Greta yanks on the end of the fifteen-foot leash and hustles at a clip for a few hundred feet. A beautiful bloodhound, she has a black widow's peak, a brown velvet coat, and the gawky body of the girl who watches the dancers from the bleachers. She circles a smooth, bald rock twice; then glances up at me, the folds of her long face deepening. Scent will pool, like the ripples when a stone's thrown into a pond. This is where the child stopped to rest.
"Find her," I order. Greta casts around to pick up the scent again, and then starts to run. I sprint after the dog, wincing as a branch snaps back against my face and opens a cut over my left eye. We tear through a snarl of vines and burst onto a narrow footpath that opens up into a clearing.
The little girl is sitting on the wet ground, shivering, arms lashed tight over her knees. Just like always, for a moment her face is Sophie's, and I have to keep myself from grabbing her and scaring her half to death. Greta bounds over and jumps up, which is how she knows to identify the person whose scent she took from a fleece hat at the day-care center and followed six miles to this spot.
The girl blinks up at us, slowly pecking her way through a shell of fear. "I bet you're Holly," I say, crouching beside her. I shrug off my jacket, ripe with body heat, and settle it over her clothespin shoulders. "My name is Delia." I whistle, and the dog comes trotting close. "This is Greta."
I slip off the harness she wears while she's working. Greta wags her tail so hard that it makes her body a metronome. As the little girl reaches up to pat the dog, I do a quick visual assessment. "Are you hurt?"
She shakes her head and glances at the cut over my eye. "You are."
Just then the Carroll police officer bursts into the clearing, panting. "I'll be damned," he wheezes. "You actually found her."
I always do. But it isn't my track record that keeps me in this business. It's not the adrenaline rush; it's not even the potential happy ending. It's because, when you get down to it, I'm the one who's lost.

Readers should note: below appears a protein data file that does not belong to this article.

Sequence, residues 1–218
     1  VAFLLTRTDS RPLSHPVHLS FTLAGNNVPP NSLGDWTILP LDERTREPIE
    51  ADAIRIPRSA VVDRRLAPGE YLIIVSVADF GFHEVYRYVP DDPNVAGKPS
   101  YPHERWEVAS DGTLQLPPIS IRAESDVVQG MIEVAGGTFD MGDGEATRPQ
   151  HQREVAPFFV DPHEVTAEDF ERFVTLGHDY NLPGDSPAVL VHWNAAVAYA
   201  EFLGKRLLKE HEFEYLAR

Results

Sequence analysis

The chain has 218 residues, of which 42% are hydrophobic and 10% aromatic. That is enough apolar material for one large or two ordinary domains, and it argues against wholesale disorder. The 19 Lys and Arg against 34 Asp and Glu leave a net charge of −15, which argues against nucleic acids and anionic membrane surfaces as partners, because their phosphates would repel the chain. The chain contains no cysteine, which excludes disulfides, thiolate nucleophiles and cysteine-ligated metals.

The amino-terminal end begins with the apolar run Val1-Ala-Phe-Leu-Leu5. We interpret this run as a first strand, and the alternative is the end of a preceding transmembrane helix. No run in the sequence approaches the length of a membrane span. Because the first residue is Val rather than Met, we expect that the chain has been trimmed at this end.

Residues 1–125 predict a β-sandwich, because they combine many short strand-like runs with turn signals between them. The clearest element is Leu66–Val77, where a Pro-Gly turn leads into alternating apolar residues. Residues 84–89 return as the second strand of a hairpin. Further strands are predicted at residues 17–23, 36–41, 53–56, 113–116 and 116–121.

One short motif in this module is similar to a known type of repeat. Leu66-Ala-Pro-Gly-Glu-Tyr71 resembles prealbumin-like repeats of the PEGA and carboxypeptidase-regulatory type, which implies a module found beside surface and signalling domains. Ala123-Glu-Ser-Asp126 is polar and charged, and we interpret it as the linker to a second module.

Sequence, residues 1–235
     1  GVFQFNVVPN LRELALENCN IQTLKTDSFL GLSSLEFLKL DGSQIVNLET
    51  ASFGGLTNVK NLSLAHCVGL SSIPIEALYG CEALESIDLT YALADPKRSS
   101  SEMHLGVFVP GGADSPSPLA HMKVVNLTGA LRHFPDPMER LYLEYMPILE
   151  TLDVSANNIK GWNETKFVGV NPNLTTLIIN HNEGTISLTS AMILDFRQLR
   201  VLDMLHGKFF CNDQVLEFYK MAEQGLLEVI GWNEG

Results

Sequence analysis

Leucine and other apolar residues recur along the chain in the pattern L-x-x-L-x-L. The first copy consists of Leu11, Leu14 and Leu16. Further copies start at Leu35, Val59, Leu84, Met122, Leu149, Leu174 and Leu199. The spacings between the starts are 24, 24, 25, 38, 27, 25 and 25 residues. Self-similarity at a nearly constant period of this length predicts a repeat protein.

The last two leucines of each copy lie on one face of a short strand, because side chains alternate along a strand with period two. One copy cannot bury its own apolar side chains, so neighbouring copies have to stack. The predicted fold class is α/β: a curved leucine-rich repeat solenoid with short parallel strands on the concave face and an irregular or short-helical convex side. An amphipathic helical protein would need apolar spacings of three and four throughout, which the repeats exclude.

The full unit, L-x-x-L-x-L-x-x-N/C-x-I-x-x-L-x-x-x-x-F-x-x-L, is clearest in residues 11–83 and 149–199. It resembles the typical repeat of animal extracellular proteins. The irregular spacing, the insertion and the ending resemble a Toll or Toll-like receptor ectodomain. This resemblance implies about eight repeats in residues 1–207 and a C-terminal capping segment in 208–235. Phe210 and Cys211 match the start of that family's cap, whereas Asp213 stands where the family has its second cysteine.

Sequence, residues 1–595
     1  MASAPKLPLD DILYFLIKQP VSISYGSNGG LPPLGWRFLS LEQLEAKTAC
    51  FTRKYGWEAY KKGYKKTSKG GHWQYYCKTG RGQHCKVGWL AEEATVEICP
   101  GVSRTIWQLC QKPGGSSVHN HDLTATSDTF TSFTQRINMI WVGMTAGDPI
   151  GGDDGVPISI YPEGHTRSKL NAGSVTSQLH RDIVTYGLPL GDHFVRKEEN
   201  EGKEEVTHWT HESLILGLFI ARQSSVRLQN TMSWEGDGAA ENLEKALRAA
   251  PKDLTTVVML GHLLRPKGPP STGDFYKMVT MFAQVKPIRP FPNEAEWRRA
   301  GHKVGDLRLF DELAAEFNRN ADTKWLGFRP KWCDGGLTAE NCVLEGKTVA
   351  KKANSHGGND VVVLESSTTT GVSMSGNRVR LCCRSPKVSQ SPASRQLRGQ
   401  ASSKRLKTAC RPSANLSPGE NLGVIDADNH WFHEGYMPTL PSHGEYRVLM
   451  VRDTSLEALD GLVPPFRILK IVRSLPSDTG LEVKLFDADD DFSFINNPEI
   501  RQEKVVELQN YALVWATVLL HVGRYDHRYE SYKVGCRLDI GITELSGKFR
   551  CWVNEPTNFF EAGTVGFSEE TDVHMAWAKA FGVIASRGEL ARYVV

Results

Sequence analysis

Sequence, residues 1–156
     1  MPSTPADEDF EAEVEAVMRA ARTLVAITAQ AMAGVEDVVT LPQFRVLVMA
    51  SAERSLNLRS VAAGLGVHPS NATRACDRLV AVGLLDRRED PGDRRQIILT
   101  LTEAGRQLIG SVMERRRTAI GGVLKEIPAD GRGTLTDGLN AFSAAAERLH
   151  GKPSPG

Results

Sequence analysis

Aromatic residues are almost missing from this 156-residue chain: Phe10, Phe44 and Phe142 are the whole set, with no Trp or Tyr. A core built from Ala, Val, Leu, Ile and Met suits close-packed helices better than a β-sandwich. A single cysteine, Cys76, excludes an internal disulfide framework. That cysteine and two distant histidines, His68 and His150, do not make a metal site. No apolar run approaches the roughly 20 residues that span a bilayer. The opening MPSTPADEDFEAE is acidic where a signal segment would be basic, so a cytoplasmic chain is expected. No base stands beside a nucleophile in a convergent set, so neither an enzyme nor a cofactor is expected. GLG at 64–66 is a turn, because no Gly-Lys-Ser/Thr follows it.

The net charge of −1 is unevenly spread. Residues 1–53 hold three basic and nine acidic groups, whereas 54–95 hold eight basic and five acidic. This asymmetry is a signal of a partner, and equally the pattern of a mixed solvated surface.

I watch the reunion between mother and daughter from a distancehow Holly melts into her mother's arms, how relief binds them like a seam. Even if she'd been a different race or dressed like a gypsy, I would have been able to pick this woman out of a crowd: She is the one who seems unraveled, half of a whole.
I can't imagine anything more terrifying than losing Sophie. When you're pregnant, you can think of nothing but having your own body to yourself again; yet after giving birth you realize that the biggest part of you is now somehow external, subject to all sorts of dangers and disappearance, so you spend the rest of your life trying to figure out how to keep her close enough for comfort. That's the strange thing about being a mother: Until you have a baby, you don't even realize how much you were missing one.
It doesn't matter if the subject Greta and I are searching for is old, young, male, or femaleto someone, that missing person is what Sophie is to me.
Part of my tight connection to Sophie, I know, is pure overcompensation. My mother died when I was three. When I was Sophie's age, I'd hear my father say things like "I lost my wife in a car accident," and it made no sense to me: If he knew where she was, why didn't he just go find her? It took me a lifetime to realize things don't get lost if they don't have valueyou don't miss what you don't care aboutbut I was too young to have stored up a cache of memories of my mother. For a long time, all I had of her was a smella mixture of vanilla and apples could bring her back as if she were standing a foot awayand then this disappeared, too. Not even Greta can find someone without that initial clue.
Copyright © 2005 by Jodi Picoult. Printed by permission. Excerpted from the book Vanishing Acts by Jodi Picoult published by Atria Books, an imprint of Simon & Schuster, Inc.
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